The first component of future sustainability disclosure should represent backward-looking information with a focus on enterprise value. To promote consistent and comparable sustainability reporting, this section should provide investors and other stakeholders with relevant quantitative information about the ESG performance of the company for the current and previous reporting period. Like the three-layered logic proposed by EFRAG,11 this component should differentiate between Universal, Sector-Specific and Company-Specific disclosure.
Value-to-Society (Impact on Society)
Incorporating the double materiality perspective, sustainability disclosure should provide external stakeholders with a more detailed picture of a company’s value contribution to society.12 This second component should illustrate positive as well as negative impacts of corporate activities on socio-economic and environmental dimensions. For each dimension, a set of indicators with standardized calculation rules should be reported, displaying impacts driven by companies’ production inputs and outputs (e.g., water consumption or GHG emissions for the environmental dimension, or occupational health and safety for the social dimension).13 Further, companies should report all socio-economic and environmental impacts occurring in their value chain, including impacts of their own operations as well as impacts occurring in upstream and downstream activities. Environmental and social impacts are based on different metrics, e.g., environmental impacts can be based on tons of CO2 equivalents, social impacts in occupational health and safety on number and severity of injuries. This makes it difficult for external stakeholders, such as investors, to compare impact dimensions and form investment decisions. Thus, valuing and disclosing all reported impacts in monetary terms ensures comparability across different dimensions.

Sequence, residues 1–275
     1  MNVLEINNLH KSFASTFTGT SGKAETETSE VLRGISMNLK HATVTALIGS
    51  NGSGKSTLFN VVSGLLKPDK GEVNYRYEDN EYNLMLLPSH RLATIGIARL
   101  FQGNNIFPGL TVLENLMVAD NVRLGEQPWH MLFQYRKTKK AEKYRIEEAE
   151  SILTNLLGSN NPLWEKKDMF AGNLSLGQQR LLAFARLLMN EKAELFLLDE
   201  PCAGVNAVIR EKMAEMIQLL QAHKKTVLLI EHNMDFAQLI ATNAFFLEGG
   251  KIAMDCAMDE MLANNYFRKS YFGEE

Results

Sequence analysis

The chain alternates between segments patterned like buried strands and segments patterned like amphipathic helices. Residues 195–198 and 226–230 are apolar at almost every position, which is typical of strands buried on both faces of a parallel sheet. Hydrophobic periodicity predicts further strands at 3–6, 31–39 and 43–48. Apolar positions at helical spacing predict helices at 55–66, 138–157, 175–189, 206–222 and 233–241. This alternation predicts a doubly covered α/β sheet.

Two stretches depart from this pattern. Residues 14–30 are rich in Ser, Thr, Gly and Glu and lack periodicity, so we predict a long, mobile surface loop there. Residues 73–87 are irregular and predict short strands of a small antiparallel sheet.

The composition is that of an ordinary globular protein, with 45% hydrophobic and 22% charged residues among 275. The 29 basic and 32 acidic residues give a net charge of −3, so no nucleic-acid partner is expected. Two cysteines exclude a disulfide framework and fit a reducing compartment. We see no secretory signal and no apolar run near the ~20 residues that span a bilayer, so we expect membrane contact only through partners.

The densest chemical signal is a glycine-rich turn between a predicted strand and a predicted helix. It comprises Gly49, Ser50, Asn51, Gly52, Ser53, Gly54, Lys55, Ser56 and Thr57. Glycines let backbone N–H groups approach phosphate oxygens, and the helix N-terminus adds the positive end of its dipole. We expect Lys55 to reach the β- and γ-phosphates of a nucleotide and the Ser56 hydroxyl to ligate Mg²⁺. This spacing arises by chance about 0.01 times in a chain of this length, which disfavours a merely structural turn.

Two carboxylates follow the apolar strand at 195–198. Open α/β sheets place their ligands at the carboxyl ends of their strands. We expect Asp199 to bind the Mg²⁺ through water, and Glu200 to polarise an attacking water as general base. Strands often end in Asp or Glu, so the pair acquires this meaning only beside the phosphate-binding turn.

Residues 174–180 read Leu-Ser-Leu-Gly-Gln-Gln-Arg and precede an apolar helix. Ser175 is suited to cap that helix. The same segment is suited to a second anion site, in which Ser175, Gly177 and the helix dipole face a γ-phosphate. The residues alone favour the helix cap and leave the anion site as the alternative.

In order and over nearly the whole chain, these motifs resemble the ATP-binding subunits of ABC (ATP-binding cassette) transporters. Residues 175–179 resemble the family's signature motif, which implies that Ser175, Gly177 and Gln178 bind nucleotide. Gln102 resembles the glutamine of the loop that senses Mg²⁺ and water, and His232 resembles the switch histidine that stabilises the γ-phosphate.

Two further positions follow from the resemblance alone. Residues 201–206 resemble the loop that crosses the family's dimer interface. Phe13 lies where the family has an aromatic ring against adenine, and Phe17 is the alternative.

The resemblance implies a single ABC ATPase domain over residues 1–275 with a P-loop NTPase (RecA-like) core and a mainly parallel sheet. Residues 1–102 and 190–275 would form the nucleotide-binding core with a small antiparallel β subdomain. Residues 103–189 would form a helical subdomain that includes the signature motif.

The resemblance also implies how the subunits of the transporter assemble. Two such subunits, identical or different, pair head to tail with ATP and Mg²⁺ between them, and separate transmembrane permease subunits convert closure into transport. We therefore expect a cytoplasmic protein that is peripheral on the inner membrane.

Component III represents the final component and focuses on forward-looking information that informs investors and other stakeholders about the strategy and how management approaches certain sustainability matters. First, companies should disclose their strategy and emphasize how the progress towards the respective objectives is measured. In order to provide more specific information, it would be relevant to investors and other stakeholders to list and explain the activities that contribute to the defined strategic targets. This explanation should include the capital and operating expenditures (CapEx and OpEx) incurred in the current reporting period in relation to each activity.14 Furthermore, each activity should be accompanied by a specific activity target and a corresponding evaluation of the progress.